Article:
[UPDATED] Russian Man Turns Tables on Bank, Changes Fine Print in Credit Card Agreement, Then Sues, Now Settles

Editor 's note: This story has been updated. Please see our final update at the bottom of this previously reported story .

In Soviet Russia , banks pay customers' bills. Or, at least, one might.

An interesting case has surfaced in Voronezh, Russia, where a man is suing a bank for more than 24 million Russian rubles (about $727,000) in compensation over a handcrafted document that was signed and recognized by the bank.

DmitryAgarkov said that in 2008 he received a letter from Tinkoff Credit Systems in his mailbox. It was a credit card application form with an agreement contract enclosed, much like the applications Americans receive daily from Visa ( V ), Mastercard ( MA ), American Express ( AXP ), or Discover ( DFS ).Agarkov filled in the form and returned the signed application, though what he sent back was not exactly the same document the bank had sent him.

A promotional image from Tinkoff Credit Systems' website .

Agarkov changed some parts for his own benefit -- most notably, the small print. He opted in for a 0% APR and no fees, and added that the customer "is not obliged to pay any fees and charges imposed by bank tariffs." He also changed the URL of the site where the terms and conditions were published from to tcsbank . Additionally, he added a special clause that would protect him should the bank break the agreement in a unilateral manner. For each unilateral change in the terms provided in the agreement, the bank would be asked to pay the customer (Agarkov ) 3 million rubles (about $91,000), or a cancellation fee of 6 million rubles ($182,000).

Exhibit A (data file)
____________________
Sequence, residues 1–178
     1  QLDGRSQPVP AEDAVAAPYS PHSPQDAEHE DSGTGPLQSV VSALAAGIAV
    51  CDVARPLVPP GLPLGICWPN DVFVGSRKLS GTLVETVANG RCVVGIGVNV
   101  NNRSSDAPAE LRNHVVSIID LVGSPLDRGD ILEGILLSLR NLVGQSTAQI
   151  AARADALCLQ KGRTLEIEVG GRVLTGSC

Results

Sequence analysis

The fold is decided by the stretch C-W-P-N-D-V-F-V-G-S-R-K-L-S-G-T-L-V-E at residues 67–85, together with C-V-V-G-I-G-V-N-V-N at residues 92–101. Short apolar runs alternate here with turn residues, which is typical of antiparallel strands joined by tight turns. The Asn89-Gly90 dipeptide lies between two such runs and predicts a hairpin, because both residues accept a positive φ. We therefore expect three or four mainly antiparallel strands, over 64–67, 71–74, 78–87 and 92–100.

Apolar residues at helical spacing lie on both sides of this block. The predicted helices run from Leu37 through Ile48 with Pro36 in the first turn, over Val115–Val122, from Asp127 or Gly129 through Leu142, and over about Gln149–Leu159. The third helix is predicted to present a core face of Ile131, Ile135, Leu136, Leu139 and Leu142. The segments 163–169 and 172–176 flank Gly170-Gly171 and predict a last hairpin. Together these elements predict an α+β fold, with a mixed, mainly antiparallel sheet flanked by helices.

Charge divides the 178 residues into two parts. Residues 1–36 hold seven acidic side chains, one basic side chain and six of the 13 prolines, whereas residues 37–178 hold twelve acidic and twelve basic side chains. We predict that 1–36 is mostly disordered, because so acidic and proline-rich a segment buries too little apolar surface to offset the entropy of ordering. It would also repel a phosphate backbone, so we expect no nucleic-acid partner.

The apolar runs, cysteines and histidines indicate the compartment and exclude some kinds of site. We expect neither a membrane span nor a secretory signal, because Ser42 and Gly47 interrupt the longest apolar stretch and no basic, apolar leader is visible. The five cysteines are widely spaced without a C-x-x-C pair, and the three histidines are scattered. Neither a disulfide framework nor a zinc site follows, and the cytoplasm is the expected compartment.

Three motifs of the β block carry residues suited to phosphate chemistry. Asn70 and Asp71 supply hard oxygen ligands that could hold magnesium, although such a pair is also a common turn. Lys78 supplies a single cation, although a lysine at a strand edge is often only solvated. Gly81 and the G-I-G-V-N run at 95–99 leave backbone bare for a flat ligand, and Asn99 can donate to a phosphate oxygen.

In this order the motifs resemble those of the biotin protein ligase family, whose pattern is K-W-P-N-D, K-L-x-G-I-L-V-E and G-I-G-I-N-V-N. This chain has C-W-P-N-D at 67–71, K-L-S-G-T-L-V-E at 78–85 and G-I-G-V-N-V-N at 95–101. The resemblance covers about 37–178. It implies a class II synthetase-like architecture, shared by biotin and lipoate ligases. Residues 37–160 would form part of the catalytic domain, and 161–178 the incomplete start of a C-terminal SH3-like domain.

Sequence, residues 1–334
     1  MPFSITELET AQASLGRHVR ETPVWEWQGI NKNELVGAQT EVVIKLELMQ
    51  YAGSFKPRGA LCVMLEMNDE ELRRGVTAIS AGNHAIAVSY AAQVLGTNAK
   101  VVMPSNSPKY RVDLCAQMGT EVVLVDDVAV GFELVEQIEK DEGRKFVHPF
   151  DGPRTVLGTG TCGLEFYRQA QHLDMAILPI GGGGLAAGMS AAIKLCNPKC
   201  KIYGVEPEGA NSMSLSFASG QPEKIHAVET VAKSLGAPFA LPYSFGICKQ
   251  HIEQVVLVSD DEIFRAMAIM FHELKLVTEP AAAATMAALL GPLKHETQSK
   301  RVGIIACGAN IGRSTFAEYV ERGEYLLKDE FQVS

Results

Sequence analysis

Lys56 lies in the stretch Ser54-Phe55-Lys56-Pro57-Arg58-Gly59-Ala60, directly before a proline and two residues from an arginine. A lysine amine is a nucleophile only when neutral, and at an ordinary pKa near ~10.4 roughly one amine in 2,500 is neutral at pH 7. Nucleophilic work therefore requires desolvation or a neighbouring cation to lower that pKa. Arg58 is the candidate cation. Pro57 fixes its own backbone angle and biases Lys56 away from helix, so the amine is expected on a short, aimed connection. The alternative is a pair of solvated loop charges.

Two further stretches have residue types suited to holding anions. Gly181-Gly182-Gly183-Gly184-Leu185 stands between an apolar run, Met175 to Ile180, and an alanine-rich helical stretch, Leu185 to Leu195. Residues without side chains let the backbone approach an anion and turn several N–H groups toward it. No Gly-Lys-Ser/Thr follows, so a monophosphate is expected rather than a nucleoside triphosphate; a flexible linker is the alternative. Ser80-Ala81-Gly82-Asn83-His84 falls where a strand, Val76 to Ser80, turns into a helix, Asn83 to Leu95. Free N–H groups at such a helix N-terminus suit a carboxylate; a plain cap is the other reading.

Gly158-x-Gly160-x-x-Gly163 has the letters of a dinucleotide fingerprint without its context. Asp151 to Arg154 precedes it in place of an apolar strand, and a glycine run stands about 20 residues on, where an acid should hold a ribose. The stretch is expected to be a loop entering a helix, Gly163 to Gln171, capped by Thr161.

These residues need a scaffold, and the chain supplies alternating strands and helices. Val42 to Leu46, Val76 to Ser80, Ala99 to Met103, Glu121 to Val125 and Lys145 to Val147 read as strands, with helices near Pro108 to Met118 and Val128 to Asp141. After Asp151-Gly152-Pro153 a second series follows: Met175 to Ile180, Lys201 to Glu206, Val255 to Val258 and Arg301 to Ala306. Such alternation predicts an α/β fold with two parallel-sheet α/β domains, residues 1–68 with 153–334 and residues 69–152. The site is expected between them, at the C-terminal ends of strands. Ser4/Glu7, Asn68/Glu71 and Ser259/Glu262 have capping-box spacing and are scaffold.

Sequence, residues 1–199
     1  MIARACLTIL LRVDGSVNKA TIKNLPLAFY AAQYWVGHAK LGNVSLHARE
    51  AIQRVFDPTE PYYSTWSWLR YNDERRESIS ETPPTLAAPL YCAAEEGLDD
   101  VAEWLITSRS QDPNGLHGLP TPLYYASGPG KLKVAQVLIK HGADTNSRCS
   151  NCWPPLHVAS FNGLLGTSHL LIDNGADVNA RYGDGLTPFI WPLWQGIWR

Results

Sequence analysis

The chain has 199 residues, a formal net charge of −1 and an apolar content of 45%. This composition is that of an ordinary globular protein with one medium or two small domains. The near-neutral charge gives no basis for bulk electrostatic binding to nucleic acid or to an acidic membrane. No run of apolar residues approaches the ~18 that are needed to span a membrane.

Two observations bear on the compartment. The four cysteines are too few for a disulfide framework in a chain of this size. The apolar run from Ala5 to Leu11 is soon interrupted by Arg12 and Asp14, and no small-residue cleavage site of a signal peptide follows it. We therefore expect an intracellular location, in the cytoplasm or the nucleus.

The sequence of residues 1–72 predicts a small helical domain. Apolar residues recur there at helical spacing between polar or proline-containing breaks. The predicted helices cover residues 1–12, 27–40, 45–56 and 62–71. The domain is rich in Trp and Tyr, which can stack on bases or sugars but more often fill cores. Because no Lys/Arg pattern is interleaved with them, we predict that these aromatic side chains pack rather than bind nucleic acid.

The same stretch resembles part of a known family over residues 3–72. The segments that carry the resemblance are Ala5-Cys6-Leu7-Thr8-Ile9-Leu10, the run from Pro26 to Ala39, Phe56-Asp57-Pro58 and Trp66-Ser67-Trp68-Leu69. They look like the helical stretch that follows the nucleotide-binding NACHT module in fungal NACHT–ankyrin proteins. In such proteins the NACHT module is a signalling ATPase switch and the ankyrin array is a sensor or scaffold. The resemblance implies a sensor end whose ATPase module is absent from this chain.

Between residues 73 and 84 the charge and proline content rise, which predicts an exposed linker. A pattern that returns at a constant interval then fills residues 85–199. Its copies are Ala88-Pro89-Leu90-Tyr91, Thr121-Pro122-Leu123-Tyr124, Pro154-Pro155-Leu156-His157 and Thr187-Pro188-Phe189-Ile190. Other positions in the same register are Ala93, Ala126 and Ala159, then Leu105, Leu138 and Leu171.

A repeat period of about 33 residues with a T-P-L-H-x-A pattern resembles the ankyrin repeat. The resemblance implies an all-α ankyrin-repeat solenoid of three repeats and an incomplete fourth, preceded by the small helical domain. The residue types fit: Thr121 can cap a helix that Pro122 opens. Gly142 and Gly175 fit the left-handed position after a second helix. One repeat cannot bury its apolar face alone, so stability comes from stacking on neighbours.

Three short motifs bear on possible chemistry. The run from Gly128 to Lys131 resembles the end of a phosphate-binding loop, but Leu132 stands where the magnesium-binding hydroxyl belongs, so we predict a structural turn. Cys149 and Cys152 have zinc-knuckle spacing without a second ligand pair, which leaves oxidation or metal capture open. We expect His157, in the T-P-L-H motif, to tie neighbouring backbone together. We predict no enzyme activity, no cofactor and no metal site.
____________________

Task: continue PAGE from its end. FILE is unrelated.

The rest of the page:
Agarkov then sent his updated agreement to the bank, and shortly thereafter received the bank's signed and certified copy, as well as a credit card.

However, after two years of active use, the bank decided to terminate Mr. Agarkov's credit card in 2010 because he was late paying the minimum required amounts. In 2012, the bank suedAgarkov for 45,000 roubles ($1,363) - an amount that included the remaining balance, fees, and late payment charges. The court decided that the agreement Agarkovcrafted was valid, and requiredAgarkov to settle only his balance of 19,000 rubles ($575).

DmitryAgarkov , the customer who rewrote the rules for his own credit card. Photo republished with permission from RIA Voronezh .

Despite the apparent victory,Agarkov fought back: On August 1, the Kominternovsky District Court of Voronezh launched hearings about Agarkov 's countersuit against the bank . As Tinkoff Credit Systems had not honored eight clauses in the agreement,Agarkov now wants the bank to pay amends of 24 million rubles ($727,000) total. The law firmKonsultant , which is representingAgarkov , says that the bank's decision to terminate the agreement cannot be lawful because his client was not paid 6 million rubles, as per terms of the amended agreement.

The bank has so far said that the case was related to "a nonrecurrent technical issue," and it is willing to have its day in court. The next hearing will be held in September.


The dispute between Agarkov and Tinkoff Credit Systems escalated when the bank's chairman, Oleg Tinkov, took to Twitter to respond to media interest in the case. (See: Russian Bank Chairman Comments on the Fine Print Case: 'Nobody Will Win Anything From Us.' )

Then, on August 14, both sides announced a settlement on undisclosed terms.

"The conflict is counterproductive, so we agreed to settle it by withdrawing our mutual complaints," said Oliver Hughes, president of Tinkoff Credit Systems.

"This started as a joke in 2008... but the joke has gone too far," said Agarkov.

"Of course I won't recommend other people do what I did. Before you opt in for credit, you must think multiple times and carefully study your bank's terms. But if you agree, you'll have to stick to it."

The views and opinions expressed herein are the views and opinions of the author and do not necessarily reflect those of Nasdaq, Inc.



The views and opinions expressed herein are the views and opinions of the author and do not necessarily reflect those of Nasdaq, Inc.

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